Susan TeHennepe looks back on her last 33 years teaching with the Pine River-Backus and Backus school districts with the "it takes a village" proverb in mind. She should know, given where she came from.

Tehennepe wasn't born in Minnesota, but she doesn't remember the short time when she and her family lived in Wisconsin. She does remember growing up and graduating from the tight-knit community of Leonard, north of Bemidji. With only 52 residents, it was virtually impossible not to form important bonds with neighbors. There are still reunions where everybody, whether 10 years younger or 10 years older, gets together to share memories.

"We were the entertainment for the town," TeHennepe said, referring to her big family.

TeHennepe is the second of five children, seven counting TeHennepe's adoptive siblings. Her younger siblings wound up being part of what brought her to Backus.

TeHennepe always wanted to be a teacher, especially thanks to her third grade teacher, Mrs. Anderson.

"Everything she did made me want to be a teacher," TeHennepe said. "She included everybody. She found different ways to show people to do things. Each one of us felt special with her. She made us feel like we were the most important person in the room. Every other person in my class felt the same way."

Her certainty was only solidified by a high school program where TeHennepe tutored for a year, and for a single day in spring she received the opportunity to lead a classroom full of students.

"It gave you an opportunity to see before college, and it confirmed everything," TeHennepe said.

TeHennepe graduated from Clearbrook-Gonvick High School in 1981 and Bemidji State University in 1985. She sent applications to schools in southern Minnesota, Texas, Bemidji and Backus. She contemplated Bemidji because it was the community where she spent her college years, and it was close to home.

When she visited Backus, however, something hooked her. It was a strong support system that was immediately visible.

"When I went for the interview I didn't think I would do that one," TeHennepe said. "I had three different places I was trying to decide between. When the principal called me, it just felt right. I met a couple paras who were so welcoming and warm. I'm glad. It was the right choice for me. Julian and Diane Norlin happened to be stopping in the hallway that day. I felt this was a welcome and open school and I wanted to be here."

It was originally just a pit stop in TeHennepe's plans, but plans change.

"My younger siblings were in sports and I wanted to be able to watch them yet," TeHennepe said. "I was going to work in the Backus school district for one year, and 34 years later, here I am."

TeHennepe has taught second, third and fourth grades almost an equal number of times since starting. She also tutored and led various programs like Accelerated Readers and Power Learners.

Reflecting on what made Pine River-Backus her lifelong career choice, TeHennepe kept coming back to the support system, including the fellow teachers who shared lessons and experiences, the paraprofessionals who helped manage sometimes excited elementary school students, technology staff who helped her keep caught up with changes and volunteer "grandmas" who provide support in many ways for teachers and students alike.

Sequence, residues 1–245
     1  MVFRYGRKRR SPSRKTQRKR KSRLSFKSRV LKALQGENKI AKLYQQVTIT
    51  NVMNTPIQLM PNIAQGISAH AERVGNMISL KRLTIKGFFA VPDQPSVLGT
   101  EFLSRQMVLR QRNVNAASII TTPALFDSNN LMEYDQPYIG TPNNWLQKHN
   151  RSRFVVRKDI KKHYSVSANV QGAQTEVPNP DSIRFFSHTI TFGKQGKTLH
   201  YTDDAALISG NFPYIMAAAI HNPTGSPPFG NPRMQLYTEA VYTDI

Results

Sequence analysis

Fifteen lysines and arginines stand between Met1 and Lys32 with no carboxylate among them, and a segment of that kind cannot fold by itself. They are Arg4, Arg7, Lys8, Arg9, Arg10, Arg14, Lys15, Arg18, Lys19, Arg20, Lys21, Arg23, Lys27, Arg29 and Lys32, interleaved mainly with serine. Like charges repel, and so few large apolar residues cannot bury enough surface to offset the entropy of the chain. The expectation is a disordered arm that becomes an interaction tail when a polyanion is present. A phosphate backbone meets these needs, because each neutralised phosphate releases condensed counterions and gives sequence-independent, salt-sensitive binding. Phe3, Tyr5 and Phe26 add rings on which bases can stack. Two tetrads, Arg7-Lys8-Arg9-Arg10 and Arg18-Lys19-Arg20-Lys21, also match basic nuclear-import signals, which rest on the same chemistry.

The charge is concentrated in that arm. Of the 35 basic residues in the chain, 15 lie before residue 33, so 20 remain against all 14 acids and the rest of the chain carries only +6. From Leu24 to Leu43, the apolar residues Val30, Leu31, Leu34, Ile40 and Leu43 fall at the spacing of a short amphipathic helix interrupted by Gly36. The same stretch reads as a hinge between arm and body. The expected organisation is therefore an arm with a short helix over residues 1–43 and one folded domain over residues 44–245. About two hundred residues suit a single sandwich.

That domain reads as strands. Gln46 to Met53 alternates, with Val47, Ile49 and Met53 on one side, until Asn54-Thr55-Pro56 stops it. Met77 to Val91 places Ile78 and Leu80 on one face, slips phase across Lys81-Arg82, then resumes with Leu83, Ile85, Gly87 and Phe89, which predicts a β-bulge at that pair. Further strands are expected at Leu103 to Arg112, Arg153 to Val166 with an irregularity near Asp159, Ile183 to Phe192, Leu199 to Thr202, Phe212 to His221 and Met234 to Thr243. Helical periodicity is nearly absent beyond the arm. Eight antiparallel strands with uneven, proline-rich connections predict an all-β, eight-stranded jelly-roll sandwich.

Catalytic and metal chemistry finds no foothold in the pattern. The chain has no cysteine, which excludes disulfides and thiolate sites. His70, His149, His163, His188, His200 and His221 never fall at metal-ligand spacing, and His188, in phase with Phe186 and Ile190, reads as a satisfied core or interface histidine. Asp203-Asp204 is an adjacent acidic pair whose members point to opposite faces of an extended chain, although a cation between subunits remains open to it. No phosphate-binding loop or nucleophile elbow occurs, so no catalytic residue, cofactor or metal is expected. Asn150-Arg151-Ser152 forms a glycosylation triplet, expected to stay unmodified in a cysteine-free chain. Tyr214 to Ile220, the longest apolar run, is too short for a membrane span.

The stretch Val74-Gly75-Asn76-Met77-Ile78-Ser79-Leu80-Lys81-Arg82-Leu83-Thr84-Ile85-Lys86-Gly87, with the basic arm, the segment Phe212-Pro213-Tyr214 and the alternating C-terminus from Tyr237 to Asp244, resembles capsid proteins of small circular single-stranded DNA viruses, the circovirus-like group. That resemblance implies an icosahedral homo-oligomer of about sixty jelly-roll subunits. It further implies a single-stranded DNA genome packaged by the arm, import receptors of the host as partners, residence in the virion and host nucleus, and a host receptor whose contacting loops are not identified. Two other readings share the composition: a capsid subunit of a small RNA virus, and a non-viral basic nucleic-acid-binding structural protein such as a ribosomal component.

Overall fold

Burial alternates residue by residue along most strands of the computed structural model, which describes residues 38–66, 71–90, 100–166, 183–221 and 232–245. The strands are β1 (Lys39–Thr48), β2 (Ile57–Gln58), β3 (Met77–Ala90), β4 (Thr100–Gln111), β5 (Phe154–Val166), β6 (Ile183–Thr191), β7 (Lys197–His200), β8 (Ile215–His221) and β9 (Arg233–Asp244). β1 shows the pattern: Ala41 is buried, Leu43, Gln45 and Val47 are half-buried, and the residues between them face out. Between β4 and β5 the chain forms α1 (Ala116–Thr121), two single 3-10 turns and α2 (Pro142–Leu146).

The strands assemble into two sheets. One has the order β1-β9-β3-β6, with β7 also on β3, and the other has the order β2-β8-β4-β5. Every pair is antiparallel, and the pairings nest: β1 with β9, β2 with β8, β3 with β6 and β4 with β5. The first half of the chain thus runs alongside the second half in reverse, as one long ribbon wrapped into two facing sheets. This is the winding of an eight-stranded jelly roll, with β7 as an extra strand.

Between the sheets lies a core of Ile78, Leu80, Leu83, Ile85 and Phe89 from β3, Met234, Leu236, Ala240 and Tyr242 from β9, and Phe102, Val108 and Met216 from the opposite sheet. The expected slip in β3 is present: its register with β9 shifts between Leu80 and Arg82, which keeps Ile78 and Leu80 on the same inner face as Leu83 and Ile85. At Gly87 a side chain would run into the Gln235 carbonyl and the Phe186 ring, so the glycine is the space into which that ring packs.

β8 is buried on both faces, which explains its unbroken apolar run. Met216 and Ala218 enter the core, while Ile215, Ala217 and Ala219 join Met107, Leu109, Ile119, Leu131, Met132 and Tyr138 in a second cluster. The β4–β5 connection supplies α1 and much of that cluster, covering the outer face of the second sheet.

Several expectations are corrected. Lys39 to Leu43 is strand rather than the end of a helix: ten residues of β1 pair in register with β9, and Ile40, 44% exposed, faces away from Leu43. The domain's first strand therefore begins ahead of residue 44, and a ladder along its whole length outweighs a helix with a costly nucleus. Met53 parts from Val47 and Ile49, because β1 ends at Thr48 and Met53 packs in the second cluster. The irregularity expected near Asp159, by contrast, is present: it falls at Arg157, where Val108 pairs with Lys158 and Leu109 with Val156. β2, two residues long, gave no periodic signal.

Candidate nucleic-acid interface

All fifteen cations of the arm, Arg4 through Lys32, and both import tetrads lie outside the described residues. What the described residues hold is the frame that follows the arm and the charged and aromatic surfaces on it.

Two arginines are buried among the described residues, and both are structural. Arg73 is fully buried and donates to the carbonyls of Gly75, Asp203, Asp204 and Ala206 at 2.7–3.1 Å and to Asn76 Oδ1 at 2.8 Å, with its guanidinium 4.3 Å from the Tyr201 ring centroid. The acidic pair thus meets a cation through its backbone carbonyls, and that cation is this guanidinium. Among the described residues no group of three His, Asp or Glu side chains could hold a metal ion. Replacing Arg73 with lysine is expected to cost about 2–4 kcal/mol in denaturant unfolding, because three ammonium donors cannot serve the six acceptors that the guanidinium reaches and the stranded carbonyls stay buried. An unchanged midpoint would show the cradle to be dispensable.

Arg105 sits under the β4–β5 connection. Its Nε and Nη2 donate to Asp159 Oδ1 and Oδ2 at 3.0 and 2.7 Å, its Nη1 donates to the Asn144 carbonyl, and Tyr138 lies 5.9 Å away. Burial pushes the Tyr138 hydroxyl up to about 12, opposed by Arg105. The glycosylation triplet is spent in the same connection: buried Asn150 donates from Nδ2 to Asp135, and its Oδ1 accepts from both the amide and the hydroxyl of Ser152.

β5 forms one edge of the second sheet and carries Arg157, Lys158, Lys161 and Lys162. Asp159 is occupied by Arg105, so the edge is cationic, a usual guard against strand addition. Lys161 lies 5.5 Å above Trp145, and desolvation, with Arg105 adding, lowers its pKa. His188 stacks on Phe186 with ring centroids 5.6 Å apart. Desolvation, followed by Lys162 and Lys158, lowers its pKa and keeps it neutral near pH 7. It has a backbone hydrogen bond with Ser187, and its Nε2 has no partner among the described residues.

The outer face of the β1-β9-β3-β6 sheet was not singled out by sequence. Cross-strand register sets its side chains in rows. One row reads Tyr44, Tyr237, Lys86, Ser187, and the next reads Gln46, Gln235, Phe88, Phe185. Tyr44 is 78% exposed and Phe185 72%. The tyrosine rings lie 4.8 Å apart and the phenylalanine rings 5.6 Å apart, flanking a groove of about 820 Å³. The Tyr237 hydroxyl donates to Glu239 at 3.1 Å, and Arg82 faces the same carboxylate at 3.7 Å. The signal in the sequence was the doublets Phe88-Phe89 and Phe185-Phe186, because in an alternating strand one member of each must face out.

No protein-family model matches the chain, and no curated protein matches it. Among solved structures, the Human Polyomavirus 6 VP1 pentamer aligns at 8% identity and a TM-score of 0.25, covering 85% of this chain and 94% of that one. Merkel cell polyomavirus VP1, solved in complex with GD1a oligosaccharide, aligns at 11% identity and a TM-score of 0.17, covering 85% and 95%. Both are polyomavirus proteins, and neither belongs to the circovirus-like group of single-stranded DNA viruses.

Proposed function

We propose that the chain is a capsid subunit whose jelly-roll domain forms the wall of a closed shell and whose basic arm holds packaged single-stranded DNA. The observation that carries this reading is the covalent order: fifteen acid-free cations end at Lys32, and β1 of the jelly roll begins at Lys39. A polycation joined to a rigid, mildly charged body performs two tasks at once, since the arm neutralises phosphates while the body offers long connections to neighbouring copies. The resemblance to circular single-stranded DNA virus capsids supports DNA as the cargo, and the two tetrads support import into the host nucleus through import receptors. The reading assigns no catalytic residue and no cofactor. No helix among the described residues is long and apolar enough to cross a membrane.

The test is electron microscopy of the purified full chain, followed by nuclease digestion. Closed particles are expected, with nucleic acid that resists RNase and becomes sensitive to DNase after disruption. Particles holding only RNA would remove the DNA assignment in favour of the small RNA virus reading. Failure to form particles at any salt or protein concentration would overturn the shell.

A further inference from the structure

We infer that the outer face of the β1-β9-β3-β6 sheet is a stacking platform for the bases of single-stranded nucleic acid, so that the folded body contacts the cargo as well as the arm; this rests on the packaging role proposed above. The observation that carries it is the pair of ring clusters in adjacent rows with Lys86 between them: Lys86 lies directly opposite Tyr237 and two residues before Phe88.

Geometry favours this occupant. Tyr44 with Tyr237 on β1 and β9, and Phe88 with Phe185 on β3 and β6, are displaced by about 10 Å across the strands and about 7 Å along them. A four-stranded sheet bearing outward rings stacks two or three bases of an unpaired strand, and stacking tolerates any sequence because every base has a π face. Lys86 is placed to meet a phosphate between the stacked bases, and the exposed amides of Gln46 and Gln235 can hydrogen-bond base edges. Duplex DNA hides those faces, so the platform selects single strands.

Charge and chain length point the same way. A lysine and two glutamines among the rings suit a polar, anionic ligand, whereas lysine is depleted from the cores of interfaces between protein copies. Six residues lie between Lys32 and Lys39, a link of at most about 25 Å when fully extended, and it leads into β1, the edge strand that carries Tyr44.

"Sometimes if a student needed a little extra affection they could sit next to the grandma in the classroom and get the extra support they needed," TeHennepe said. "It's a different support than a teacher. It calms them down and I think sometimes they just need that."

TeHennepe thanked former students, many of whom often returned to her classroom to help her as early as fourth grade when her former students get the option to help lead stations in specific lessons, or in eighth grade, or even when they have gone on to graduate from college and become teachers themselves.

TeHennepe said one adult former student spent almost an entire school year volunteering in her class.

"I've appreciated all the support," TeHennepe said. "I've had a whole room full of adults. It's that whole village feeling."

TeHennepe treats her classes like family, and when her students leave her grade level she keeps an eye out for them. They often keep her informed on their life events as well, especially when it comes to using the German she once taught them, but also for other events.

"I love getting graduation announcements, wedding announcements and birth announcements and being involved. I get invited to so many homes for meals," TeHennepe said. "I still see them and care about what happens to them. Once you've had a student you get to spend so many hours a day with them and you get to do so many cool things with them. It's hard to let them go. I appreciate being kept in the loop. I love to hear from former students and get to see them out and about. That's the icing on the cake."

TeHennepe might consider long-term substitute positions in the future, but for now she plans to simply enjoy time off in Minnesota for a year, then within the next five years she plans to cross some destinations off her bucket list, including Alaska, the only state she has not visited.

She also plans to read and not feel guilty about not preparing lessons, and she intends to finally attend a Twins baseball game at Target Field, visit family overseas and babysit for other friends and family.

Whatever she goes on to do, she will always be a teacher at heart.

"We get to spend so many hours with students and we are entrusted to keep them safe and to guide them," TeHennepe said. "It's been an honor and a privilege to do that."